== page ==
was a marble figure of a lion with eyes of emerald which shone so brightly into the sea that they frightened away the tunnies from the adjacent fisheries, so that it became necessary to change the eyes. In the great marble lion discovered by Mr Newton near Cnidus, and now in the British Museum, in the place of the eyes are deep sockets which probably, like those of the Cypriote lion, were filled with coloured glass.

The invention and ingenuity employed by the Roman artisans in producing variety in glass vessels are most re-markable; almost every means of decoration appears to have been tried, and many methods of manipulating glass, which have been considered inventions, have in reality been anticipated by the glass-workers of the period under con-sideration. The fertility of invention which devised so many modes of ornamentation and so many shades of colour, and the skill with which the manual execution is carried out, alike deserve great admiration. This prodigious variety seems to show that glass-making was at that time carried on, not as now in large establishments, which pro-duce great quantities of articles identical in form and pattern, but by many artificers, each working on a small scale. This circumstance enables us to understand why very pure and crystalline glass was, as Pliny tells us, more valued than any other kind. To produce glass very pure and free from striae and bubbles, long-continued fusion is required ; this the system of working of the ancients did not allow, and their glass is in consequence remarkable for the great abundance of bubbles and defects which it contains.

The Romans had at their command, of transparent ' colours, blue, green, purple or amethystine, amber, brown, | and rose; of opaque colours, white, black, red, blue, yellow, green, and orange. There are many shades of the former as well as of the latter, particularly of transparent blue, and of opaque blue, yellow, and green. Of opaque \ colours many varieties appear to be due to the mixture of one colour with another. In any large collection of frag-ments it would be easy to find eight or ten varieties of \ opaque blue, ranging from lapis lazuli to turquoise or to lavender, and six or seven of opaque green. Of red the varieties are fewer; the finest is a crimson red of very beautiful tint, and there are various gradations from this to a dull brick red. One variety forms the ground of a very good imitation of porphyry; and there is a dull semi-transparent red which, when light is passed through it, appears to be of a dull green hue. With these colours the Roman vitrarius worked, either using them singly or blending them in almost every conceivable combination, sometimes, it must be owned, with a rather gaudy and inharmonious effect.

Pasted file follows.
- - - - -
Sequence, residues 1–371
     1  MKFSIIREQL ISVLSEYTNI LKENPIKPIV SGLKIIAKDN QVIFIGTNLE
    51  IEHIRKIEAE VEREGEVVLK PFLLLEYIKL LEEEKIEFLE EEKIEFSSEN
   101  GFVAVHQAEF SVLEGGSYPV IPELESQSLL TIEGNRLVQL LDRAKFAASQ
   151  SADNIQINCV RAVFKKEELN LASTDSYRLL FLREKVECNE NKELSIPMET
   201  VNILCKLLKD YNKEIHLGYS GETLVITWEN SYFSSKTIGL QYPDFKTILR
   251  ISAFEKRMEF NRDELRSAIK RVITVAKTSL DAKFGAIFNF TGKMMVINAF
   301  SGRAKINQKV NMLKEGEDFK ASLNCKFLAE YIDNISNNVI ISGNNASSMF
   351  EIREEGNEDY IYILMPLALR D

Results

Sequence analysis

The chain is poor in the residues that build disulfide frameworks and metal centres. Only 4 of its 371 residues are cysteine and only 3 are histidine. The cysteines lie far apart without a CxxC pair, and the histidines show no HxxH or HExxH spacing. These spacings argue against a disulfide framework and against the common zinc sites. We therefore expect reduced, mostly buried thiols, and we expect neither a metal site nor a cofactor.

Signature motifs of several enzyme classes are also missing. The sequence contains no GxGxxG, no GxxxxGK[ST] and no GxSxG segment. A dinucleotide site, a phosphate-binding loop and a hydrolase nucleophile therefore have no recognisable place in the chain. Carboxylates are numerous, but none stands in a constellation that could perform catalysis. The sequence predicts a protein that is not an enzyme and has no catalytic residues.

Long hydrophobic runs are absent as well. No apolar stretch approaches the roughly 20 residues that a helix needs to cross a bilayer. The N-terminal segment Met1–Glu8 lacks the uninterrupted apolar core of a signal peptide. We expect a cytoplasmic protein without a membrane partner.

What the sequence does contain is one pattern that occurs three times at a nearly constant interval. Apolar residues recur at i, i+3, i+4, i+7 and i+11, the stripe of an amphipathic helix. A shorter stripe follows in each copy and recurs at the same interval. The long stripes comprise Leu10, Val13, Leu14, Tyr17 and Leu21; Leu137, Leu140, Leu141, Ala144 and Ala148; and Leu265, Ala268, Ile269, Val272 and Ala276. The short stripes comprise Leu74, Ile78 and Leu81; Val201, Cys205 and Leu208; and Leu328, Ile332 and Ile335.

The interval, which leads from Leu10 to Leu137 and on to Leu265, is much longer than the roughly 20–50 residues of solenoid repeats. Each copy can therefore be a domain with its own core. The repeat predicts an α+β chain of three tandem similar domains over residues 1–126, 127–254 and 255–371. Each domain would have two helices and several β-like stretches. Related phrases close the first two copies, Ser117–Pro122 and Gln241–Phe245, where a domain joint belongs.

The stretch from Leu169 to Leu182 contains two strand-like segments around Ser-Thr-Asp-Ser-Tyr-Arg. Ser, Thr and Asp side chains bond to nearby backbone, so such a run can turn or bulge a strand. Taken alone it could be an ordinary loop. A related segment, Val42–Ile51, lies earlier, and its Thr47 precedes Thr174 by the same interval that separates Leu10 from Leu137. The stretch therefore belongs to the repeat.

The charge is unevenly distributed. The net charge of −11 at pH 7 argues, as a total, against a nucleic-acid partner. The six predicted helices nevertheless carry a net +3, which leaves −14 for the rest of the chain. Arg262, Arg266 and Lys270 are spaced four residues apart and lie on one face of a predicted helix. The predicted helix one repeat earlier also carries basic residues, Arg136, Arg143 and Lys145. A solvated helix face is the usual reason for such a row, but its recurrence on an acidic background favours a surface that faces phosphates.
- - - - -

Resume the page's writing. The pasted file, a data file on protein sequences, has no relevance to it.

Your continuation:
These combinations of colour were effected in two ways : —first, by glasses of two or more colours being combined so as to traverse the entire substance of the object; and, secondly, by the superposition of the one colour on the other.